Digital Insights: Online Video & Bikini Girl Inspirations

June 17, 2009
Former Merck employee turned viral video genius tells the world, “Don’t just get a job, do what you love.”

It’s something we have all imagined. Quit our 9 to 5 and fulfill a lifelong dream, whatever that may be. For me, it was (and sometimes still is) joining the Ice Capades or convincing TLC to give me my very own reality television show. For Merck’s Marketing Director, Kevin Nalty, it’s viral online video. And American Idol’s infamous contestant, Bikini Girl, helped these dreams come true.

Well known in the online video community as “Nalts,” and known to some as a “viral video genius,” Nalty led two separate lives: Consumer Product Director at a Fortune 100 company by day and YouTube comedian and viral video creator by night.

Nalty claims that Merck knew about his alter-online ego when he was hired to market the hair-growth treatment, Propecia. However, it was only recently when his true identity was outed in the online community and Merck felt implicated by his self-proclaimed “goofball antics” that Nalty decided to make a decision in his career.

Nalty recently wrote on his blog, “Last night Katrina Darrell (Bikini Girl) sang Mariah Carey’s ‘Treated Me Kind’ on American Idol 2009. Her song inspired me to quit the full-time job as a Product Director at Merck. . . . Now it’s full-time to follow my passion: making videos, working with Hitviews, and starting my own consulting practice that will help brands engage in social media, especially the most visceral kind: online video.”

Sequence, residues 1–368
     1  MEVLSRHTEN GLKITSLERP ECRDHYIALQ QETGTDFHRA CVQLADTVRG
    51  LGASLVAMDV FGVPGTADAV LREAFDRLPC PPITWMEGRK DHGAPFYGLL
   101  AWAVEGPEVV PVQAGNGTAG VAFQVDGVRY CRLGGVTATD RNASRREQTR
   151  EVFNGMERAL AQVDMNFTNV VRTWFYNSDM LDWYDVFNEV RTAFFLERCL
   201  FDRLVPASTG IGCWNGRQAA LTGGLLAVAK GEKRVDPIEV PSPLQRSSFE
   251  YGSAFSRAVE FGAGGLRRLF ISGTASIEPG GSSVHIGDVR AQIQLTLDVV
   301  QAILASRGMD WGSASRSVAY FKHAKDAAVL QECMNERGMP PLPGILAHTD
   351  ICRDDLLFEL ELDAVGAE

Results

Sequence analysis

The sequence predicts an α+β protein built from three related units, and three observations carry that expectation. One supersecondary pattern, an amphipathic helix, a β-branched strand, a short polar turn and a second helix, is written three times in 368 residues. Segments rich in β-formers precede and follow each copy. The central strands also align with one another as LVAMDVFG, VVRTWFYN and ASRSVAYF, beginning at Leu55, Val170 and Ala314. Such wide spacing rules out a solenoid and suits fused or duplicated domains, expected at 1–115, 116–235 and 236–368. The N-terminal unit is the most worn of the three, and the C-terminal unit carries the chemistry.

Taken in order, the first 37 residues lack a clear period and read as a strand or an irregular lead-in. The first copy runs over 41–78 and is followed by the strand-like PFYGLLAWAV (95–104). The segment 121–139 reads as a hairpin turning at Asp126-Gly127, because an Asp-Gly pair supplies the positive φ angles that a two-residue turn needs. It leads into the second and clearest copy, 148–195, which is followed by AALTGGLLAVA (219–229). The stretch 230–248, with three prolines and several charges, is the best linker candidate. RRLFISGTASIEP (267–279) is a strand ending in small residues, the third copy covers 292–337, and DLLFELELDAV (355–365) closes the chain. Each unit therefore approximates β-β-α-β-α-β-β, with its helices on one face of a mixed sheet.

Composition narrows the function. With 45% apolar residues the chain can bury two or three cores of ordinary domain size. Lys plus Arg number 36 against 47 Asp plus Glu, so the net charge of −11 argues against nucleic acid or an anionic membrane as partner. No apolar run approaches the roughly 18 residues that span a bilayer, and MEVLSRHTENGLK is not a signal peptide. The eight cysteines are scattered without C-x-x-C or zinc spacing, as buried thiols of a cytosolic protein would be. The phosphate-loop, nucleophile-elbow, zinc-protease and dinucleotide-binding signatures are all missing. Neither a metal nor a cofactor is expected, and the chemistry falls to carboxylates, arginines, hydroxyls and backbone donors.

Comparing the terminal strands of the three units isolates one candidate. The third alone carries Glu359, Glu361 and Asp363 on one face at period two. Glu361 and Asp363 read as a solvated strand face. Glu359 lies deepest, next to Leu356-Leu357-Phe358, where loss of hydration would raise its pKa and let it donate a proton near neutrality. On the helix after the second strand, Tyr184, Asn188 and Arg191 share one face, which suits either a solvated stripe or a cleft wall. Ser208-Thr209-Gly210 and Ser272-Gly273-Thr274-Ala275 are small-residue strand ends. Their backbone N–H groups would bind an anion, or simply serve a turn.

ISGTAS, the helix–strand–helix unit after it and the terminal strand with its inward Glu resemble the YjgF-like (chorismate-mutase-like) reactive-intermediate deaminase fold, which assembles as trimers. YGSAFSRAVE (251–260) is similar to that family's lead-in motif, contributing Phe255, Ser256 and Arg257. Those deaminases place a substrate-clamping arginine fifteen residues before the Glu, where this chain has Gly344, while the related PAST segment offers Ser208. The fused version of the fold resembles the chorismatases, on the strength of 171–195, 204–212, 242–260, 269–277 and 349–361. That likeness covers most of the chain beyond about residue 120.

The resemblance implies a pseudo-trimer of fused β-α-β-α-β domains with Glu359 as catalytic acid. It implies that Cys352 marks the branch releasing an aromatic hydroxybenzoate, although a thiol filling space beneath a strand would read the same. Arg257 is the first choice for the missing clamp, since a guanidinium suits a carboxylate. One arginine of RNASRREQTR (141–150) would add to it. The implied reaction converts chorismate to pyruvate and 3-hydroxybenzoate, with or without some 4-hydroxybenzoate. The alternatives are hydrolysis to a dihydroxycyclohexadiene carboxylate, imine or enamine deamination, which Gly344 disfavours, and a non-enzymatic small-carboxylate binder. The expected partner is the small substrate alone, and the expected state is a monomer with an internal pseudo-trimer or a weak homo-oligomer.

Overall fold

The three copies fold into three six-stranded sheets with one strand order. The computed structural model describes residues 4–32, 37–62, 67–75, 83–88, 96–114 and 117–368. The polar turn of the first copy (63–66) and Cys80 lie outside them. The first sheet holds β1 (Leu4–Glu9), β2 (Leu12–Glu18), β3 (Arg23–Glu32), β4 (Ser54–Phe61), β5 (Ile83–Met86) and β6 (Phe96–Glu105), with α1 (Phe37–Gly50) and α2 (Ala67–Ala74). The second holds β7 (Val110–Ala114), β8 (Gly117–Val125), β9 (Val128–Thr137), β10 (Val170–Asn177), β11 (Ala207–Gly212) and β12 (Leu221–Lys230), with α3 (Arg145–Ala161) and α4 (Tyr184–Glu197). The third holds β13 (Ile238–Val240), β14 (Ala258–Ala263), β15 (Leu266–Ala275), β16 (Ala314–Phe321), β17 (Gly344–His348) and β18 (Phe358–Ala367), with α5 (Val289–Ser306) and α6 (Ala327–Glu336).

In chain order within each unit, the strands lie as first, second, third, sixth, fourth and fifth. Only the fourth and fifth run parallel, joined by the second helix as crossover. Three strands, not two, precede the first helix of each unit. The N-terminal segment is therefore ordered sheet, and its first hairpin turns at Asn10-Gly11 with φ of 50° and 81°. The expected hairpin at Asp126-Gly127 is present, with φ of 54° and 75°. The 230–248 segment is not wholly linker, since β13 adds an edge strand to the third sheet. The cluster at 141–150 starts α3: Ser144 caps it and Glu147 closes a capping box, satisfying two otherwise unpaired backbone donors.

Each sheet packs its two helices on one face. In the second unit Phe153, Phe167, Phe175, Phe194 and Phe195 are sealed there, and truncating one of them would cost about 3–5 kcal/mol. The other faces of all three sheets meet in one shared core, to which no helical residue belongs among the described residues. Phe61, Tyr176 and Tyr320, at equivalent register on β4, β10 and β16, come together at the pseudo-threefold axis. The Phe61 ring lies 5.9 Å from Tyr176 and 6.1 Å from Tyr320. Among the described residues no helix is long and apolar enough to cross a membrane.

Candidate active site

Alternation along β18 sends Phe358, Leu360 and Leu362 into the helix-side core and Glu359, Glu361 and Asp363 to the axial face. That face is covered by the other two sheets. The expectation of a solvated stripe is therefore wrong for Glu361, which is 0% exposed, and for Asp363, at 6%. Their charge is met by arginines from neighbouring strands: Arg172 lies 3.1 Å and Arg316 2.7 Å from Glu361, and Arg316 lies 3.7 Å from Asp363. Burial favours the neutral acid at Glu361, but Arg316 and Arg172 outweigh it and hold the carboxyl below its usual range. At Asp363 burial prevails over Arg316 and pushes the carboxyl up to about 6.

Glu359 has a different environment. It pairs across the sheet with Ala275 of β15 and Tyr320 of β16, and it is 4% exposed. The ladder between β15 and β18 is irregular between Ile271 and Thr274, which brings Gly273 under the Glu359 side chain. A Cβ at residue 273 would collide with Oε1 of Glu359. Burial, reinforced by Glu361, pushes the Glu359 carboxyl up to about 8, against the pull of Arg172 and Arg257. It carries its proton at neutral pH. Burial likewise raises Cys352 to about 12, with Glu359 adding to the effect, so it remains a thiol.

To watch his very funny, public career decision, click here.

You might think Kevin Nalty is completely crazy. [pullquote]But as online video continues to reach new viewing records every month, his decision may simply be genius.

According to web tracker, comScore Video Metrix, the U.S. internet audience watched almost 16.8 billion videos on the web in April, with the average user viewing 6.4 hours of online video during the month, up 16 percent from March. As expected, Google's YouTube remained the leading site for Internet video viewing.

Online video communities are sprouting in almost every industry due to the new social media spin on exchanging information. aims to educate scientists and researchers in a virtual studio through “pubcasts” (linking video with published text), “postercasts” (video summaries of associated scientific posters) and video findings and commentary. Launched in 2006, PharmaTelevision, an online TV channel for the biopharma industry, offers insights and feature interviews with industry leaders every week.

As the demand for industry-relevant online video continues to grow, is ramping up our video efforts as well. Our editors are equipped with video cameras at all major shows and events, and our new veeple video player offers interactive features like the ability to click on the video to find out more information about a person or company.

Stay tuned later this summer for PharmaManufacturing’s own YouTube channel, which will house all of our video coverage, backpack video, aggregated video content and perhaps some offbeat video from my new own personal hero, Kevin “Nalts” Nalty.

About the Author

Michele Vaccarello Wagner | Senior Digital Editor